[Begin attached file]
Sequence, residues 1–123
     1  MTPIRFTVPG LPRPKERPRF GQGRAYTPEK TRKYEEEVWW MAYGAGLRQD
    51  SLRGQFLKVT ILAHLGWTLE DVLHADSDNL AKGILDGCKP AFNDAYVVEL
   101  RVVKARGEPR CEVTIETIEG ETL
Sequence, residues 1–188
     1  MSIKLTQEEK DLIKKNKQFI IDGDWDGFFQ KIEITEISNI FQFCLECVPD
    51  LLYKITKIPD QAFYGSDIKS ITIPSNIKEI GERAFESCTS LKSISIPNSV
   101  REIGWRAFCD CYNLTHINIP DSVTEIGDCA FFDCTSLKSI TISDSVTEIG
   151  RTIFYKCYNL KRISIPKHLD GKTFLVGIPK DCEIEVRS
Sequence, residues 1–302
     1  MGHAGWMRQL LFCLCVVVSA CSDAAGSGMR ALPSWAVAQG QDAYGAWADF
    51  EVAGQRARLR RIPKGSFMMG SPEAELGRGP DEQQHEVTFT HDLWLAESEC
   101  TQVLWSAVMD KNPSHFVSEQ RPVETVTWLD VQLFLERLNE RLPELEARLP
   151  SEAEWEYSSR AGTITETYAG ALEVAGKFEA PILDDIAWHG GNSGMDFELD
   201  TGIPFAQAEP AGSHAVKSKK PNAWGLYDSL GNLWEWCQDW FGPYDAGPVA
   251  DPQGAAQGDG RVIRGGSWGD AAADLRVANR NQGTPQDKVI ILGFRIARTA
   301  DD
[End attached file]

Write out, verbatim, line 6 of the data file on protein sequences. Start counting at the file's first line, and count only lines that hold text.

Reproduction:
     1  MSIKLTQEEK DLIKKNKQFI IDGDWDGFFQ KIEITEISNI FQFCLECVPD